By Kelly Barner, Owner and Editor, Buyers Meeting Point
Supply chain disruption was a popular topic long before the world was seized by the coronavirus pandemic. Geopolitical disturbances, natural disasters, labour strikes and changing regulations were already factors, and anyone that has been in supply chain during the last decade has seen all of these play out.
At this point, the phrase ‘supply chain disruption’ seems as natural as ‘supply chain’ must have seemed the first time people put these two words together. It would be easy to assume that all supply chains have been disrupted, especially given the breathless news coverage and layman consumer’s perception that toilet paper and meat are impossible to purchase. While most supply chains have been affected by today’s fluid, unpredictable conditions, few have stopped altogether.
What do we mean when we say disruption?
Modern supply chains are high-performing, finely-tuned machines. Lean or just-in-time practices have been commonplace for years, and productivity and efficiency improvements have been impressive. The flip side of the coin, however, is that a global supply chain’s tolerance for static and friction is very low.
The word ‘chain’ evokes images of metal links locked together, but this analogy has not been apt for a long time. Terms such as ‘network’, ‘ecosystem’ and ‘web’ are far more appropriate. While it takes a pair of bolt cutters to get through a steel chain, a stiff breeze can destroy a spider web in an instant.
As a result of supply chain fragility, even the loss of transparency can have a disruptive effect. Unsure when a delivery will arrive? Disruption! Unsure about how much stock is on hand at the warehouse? Disruption! Finding it difficult to project demand without typical seasonal and consumer patterns? You guessed it…disruption!
Supply chain managers are working on a continuum that extends from steel to spider web. On the one end is a set of nearly unbreakable links and on the other is a silky thread. Steel is expensive and lacks agility and, while thread is flexible, it can be destroyed in an instant. As we start to recover from the COVID-19 pandemic and resulting business restrictions, the challenge will be finding the sweet spot between silk and steel.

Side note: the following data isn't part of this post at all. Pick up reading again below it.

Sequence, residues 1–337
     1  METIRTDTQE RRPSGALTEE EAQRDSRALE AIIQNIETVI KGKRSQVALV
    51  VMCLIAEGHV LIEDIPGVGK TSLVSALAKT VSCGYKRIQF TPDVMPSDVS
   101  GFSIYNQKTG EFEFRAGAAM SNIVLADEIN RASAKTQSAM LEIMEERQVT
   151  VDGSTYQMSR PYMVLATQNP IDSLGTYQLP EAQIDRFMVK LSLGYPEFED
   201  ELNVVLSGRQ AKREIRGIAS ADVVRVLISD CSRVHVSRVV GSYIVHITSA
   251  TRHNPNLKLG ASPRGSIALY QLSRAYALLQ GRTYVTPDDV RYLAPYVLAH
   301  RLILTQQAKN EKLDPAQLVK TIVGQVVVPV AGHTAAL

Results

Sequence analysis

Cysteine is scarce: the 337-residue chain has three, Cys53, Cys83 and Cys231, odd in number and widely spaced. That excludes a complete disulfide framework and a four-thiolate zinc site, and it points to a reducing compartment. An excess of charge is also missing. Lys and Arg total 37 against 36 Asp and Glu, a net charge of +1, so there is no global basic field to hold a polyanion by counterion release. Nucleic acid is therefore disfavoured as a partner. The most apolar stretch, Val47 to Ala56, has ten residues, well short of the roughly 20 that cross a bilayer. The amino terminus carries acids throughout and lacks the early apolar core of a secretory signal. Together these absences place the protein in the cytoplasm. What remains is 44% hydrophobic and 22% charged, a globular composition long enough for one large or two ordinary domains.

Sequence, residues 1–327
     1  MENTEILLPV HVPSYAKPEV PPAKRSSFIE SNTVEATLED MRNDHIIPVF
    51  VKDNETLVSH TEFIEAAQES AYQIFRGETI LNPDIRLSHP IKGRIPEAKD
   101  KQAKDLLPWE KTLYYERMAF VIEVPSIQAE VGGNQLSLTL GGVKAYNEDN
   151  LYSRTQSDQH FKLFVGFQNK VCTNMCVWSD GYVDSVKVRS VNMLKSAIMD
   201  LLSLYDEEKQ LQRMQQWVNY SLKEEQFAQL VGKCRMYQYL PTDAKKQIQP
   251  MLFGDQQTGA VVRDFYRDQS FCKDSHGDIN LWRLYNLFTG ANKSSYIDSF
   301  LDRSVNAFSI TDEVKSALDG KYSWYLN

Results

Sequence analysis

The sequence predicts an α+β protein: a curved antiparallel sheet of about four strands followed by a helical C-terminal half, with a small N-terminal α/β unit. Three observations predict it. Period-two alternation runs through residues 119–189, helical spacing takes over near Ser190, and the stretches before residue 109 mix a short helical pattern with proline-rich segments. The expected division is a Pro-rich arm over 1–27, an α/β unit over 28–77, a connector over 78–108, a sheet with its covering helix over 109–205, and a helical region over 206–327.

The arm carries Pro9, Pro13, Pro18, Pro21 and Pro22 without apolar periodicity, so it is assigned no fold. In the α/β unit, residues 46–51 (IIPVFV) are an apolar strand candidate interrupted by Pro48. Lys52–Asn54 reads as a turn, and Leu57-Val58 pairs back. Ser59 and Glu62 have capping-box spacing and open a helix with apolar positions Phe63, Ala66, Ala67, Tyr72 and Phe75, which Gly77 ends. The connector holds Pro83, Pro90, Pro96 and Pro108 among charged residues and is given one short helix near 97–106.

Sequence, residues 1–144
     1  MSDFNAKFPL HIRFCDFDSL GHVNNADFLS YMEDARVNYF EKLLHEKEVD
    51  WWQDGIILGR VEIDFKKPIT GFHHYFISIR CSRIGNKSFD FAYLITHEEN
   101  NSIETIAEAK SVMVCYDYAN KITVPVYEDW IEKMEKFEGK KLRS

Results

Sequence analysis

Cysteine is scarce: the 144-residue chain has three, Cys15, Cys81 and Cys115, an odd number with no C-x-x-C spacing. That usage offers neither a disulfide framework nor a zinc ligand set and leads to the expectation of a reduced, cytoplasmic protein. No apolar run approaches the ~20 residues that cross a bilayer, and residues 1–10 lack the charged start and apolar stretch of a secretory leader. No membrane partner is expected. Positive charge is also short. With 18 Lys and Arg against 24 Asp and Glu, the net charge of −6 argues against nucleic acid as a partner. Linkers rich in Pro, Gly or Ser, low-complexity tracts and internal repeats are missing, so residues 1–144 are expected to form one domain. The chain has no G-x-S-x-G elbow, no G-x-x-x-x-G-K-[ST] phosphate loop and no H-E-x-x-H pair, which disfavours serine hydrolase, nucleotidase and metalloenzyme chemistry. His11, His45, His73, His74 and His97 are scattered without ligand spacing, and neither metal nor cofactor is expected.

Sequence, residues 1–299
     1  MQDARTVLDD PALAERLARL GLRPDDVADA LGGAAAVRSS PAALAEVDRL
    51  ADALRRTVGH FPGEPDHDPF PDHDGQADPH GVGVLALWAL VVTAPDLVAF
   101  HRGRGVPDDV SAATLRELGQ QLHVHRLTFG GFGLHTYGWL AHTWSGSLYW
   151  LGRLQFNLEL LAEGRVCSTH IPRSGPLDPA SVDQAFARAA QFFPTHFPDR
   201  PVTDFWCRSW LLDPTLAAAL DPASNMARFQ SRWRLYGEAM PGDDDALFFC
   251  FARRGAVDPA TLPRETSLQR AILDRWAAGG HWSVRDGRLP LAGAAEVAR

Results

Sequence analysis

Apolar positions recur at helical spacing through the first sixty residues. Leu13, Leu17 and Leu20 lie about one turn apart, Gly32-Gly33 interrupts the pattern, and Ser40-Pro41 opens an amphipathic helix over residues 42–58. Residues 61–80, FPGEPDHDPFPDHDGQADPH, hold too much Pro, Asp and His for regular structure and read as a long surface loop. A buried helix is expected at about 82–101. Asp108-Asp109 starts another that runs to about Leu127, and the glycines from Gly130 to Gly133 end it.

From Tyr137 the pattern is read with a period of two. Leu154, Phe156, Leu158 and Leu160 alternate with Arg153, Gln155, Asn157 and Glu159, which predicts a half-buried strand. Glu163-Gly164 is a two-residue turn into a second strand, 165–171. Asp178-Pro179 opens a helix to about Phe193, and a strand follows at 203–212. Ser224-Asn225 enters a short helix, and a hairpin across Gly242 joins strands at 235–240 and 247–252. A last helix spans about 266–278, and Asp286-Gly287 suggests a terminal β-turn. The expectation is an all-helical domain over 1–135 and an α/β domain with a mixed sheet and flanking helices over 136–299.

The process of discernment starts with the truth about our current status. While some supply chains have faced serious issues and high-visibility bankruptcies are starting to hit the news, the level of disruption may have been over-hyped. For instance, according to a recent survey run by Packaging World, 53% of consumer packaged goods (CPG) supply chains have not been disrupted thus far. The issues that have occurred resulted from increased lead times and difficulty sourcing ingredients.
If we over-exaggerate the disruption threat, we will opt for a spot on the continuum that is too close to steel, resulting in costly and staid product offerings. But we also cannot go back to business as usual, ignoring the risks associated with international dependence, poor data visibility and low inventory resiliency.
Each supply chain management team will need to make highly contextualised decisions of their own, rooted in fact and experience. Professionals in the automotive or consumer electronics supply chains should not make decisions on generalised information or the results from the CPG industry research referenced above – although they can find inspiration and potential solutions everywhere.
To increase the level of precision with which your company finds its target on the silk-to-steel continuum:
– Define disruption carefully and be as specific as possible when communicating internally and with suppliers. What exactly do you mean when you say disruption: delay, switching sources of supply, increased input costs or operational interruption?
– Calculate and track the costs (in both time and cash outlay) associated with each specific disruption that the company experiences. Use those values to calibrate the scale of your response.
– Make an effort to track non-disruptions as well as invasive disruptions. Which suppliers, supply chains and sources remain intact or outperform expectations?
Any company can go full silk or all steel, but neither choice will lead to sustainable success. Only a precise understanding of relevant disruptions, an appetite for risk and supply chain capabilities will allow leadership teams to recalibrate and rebuild in the shadow of the pandemic.
Kelly Barner is the Owner and Editor of Buyers Meeting Point. She has a unique perspective on procurement from her experience on both sides of the negotiation desk. She has led projects involving members of procurement, supplier and purchasing teams. Kelly has practical skills in strategic sourcing programme design and management, opportunity assessment, knowledge management, and custom taxonomy design and implementation.